prevent opposition to the Zimbabwe government from organizing and even to
prevent sitting opposition political party M.P.s and councilors from holding
report-back meetings with their constituents.
Although Mushonga explained that the meeting was about peace and
non-violence, the police insisted the meeting was political because it
discussed the history of Zimbabwe.
"They seemed worried that we mentioned Gukurahundi," she says.
Gukurahundi, which means "the early rain which washes away the chaff before
the spring rains," is a euphemism used to describe the killing of an
estimated 20,000 civilians by President Robert G. Mugabe's Fifth Brigade
military unit in the Zimbabwe provinces of Matabeleland and the Midlands
during the early to late 1980's.
The police detained Mushonga until late in the evening before releasing her
and telling her to return to the station the next day.
On Nov. 8, she went back to the Harare Central Police Station as she had
Narrating her ordeal on Kubatana.net, an online community for Zimbabwean
activists, Mushonga says when she arrived at the station she was led through
corridors to the offices of Zimbabwe's secret police, the Central
Intelligence Organization (C.I.O.).
After four hours in the custody of the C.I.O., one of the operatives
informed her that under P.O.S.A. the police have a right to be informed of
any gathering, including even birthday parties and church gatherings, and
that she can get a lawyer if she wants one. The C.I.O. took three copies of
her fingerprints; charged her with holding a public gathering without
informing the police, and locked her up in a holding cell for two nights.
She gives a poignant and now all too familiar account of the terrible
conditions under which Zimbabwe's human rights activists are kept when they
are in police custody. She shared a cell with 10 other prisoners. The cell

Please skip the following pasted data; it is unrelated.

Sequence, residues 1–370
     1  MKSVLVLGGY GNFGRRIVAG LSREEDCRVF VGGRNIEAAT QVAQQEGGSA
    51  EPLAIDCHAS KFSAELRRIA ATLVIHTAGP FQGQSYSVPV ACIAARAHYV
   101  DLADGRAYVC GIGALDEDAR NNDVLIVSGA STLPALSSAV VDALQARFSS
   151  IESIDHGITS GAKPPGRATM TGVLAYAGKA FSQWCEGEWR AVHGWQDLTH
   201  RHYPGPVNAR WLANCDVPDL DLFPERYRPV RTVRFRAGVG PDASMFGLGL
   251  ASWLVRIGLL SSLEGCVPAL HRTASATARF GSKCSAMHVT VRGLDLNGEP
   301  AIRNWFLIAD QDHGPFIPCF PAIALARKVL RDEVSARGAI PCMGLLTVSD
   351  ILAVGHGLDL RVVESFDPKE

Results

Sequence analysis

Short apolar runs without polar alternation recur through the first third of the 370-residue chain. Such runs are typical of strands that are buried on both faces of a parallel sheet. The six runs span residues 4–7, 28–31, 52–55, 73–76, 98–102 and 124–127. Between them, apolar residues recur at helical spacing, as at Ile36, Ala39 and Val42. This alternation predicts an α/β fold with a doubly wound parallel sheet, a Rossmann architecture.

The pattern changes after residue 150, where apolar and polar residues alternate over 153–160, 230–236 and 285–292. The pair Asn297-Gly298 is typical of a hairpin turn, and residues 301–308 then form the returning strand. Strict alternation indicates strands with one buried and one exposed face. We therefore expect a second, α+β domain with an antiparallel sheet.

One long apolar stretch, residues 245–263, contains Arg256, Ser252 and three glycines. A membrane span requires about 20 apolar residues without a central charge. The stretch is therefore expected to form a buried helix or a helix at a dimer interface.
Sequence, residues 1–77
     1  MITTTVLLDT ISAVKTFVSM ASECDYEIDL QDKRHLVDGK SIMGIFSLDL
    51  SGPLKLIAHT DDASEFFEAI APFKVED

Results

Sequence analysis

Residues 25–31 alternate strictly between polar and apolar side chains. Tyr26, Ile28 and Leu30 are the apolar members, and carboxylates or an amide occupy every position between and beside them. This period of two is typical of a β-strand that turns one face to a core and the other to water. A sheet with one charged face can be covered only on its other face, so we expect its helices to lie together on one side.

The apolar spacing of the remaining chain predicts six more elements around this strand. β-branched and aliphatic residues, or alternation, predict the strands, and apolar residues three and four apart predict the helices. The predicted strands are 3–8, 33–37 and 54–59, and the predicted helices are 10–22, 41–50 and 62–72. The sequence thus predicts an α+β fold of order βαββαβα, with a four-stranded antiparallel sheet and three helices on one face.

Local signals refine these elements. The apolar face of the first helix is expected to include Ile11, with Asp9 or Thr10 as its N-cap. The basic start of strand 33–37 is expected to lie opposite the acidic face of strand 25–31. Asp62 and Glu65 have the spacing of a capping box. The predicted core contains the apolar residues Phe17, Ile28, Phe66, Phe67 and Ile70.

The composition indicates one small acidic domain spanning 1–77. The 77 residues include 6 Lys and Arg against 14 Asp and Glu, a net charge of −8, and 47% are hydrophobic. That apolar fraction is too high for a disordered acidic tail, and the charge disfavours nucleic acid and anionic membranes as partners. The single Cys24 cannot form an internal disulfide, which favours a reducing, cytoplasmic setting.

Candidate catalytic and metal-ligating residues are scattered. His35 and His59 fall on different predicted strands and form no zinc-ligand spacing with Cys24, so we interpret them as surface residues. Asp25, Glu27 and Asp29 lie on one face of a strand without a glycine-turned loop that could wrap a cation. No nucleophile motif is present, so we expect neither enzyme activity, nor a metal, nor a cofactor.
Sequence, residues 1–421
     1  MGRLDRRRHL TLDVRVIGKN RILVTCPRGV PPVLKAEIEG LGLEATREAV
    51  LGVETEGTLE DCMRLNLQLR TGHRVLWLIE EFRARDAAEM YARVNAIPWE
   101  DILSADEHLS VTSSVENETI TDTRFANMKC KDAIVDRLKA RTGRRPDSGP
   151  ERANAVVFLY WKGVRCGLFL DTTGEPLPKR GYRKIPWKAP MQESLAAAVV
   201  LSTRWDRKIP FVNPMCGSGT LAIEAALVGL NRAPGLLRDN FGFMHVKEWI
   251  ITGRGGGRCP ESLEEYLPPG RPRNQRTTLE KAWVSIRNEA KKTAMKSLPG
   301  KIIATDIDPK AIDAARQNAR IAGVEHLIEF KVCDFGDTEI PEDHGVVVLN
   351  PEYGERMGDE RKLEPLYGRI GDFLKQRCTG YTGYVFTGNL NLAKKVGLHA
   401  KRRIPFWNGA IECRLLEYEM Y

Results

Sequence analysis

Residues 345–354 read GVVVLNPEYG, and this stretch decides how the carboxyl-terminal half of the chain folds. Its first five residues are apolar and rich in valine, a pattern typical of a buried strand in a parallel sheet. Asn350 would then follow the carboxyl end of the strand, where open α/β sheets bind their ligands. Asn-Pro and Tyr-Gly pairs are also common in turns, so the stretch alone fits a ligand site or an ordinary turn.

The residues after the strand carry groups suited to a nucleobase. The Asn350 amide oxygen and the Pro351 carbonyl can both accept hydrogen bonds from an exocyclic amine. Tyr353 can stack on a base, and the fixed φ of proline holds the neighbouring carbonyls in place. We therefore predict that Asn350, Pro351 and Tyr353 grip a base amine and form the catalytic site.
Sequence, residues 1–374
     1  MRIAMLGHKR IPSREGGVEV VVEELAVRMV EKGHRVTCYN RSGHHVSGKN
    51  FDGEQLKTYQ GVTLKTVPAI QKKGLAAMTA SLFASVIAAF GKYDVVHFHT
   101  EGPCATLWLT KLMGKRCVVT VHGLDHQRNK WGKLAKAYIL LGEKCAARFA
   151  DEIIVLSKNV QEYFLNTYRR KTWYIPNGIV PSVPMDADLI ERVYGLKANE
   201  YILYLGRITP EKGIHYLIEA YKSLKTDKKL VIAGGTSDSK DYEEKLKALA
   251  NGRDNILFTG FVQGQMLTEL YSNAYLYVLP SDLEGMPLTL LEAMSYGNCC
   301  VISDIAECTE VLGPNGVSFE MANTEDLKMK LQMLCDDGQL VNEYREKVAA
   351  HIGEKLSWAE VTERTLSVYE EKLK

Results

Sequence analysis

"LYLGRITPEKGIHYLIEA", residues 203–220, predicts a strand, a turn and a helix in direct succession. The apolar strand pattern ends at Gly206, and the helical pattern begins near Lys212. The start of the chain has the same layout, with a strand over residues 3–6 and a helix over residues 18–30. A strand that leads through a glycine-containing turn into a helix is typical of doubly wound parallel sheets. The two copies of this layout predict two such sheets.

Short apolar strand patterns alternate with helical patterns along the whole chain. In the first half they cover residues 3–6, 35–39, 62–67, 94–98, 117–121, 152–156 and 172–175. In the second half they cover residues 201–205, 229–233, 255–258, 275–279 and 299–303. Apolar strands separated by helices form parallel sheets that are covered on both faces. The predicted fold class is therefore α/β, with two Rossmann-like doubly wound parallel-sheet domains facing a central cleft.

approximately measured six meters by six meters. The toilet did not flush
and the prisoners used a newspaper to cover the excrement in an attempt to
make the stench more bearable. The 10 prisoners had to share three
"With my short-sleeve blouse, I cannot take the lice bites and resolve to
spread my newspaper on the floor and sleep there.
"After turning and tossing forever, sometimes just sitting up straight since
the floor is cold, dawn finally comes," she says.
During her incarceration, she became angrier and angrier by the minute.
"Why am I in prison? Did I hurt anyone? But I can't be angry at the police
either. One of them took away my newspaper and spent five minutes
apologizing and explaining why he has to do it," she says.
When Mushonga was released from custody on Nov. 10, the police told her they
would be preparing a docket and later send her a summons to appear in court.
Her lawyer, however, told her that she had been released because the
attorney general's office had thrown out the case. There had been no case to
start with and the police therefore had to release her after the mandatory
Mushonga describes her mood as she was going home:
"I feel angry. A fire has been ignited deep inside me. I expect that people
around me, my friends and colleagues, would be angry with me but they are
not. They are angry with the law and the system. They also realize I have
been a victim. It's one thing to talk of injustices; it is another to be a
direct victim. I now know what P.O.S.A. means. I now know about unlawful
arrests and detentions. Non-violence principle number four has taught me
that unearned suffering is strengthening."
Sokwanele, a Zimbabwean civic action group, says the Public Order and
Security Act of 2002 remains in force and is for purely political ends - to
keep ruling Zimbabwe African National Union-Patriotic Front (Zanu-PF) in
"P.O.S.A. has indeed inhibited both political opposition and civil society
from organizing mass protests against government policies and the effects of
economic collapse. Normal political organizing, meetings and campaigns have
been obstructed. While many brave leaders are prepared to defy what they see
as an unjust law, the rest of the community is thoroughly cowed by the
prospect of becoming victims of police action.
"Even the threat of arrest is terrifying in light of the inhuman conditions
in police cells and the risk of torture at the hands of sadistic,
politicized police officers, both uniformed and non-uniformed," Sokwanele
The Observatory for the Protection of Human Rights, a joint program of the
World Organization Against Torture, described Mushonga's arrest as arbitrary
and said it violated the provisions of the Declaration on Human Rights
Defenders adopted by the United Nations General Assembly on Dec. 9, 1998, in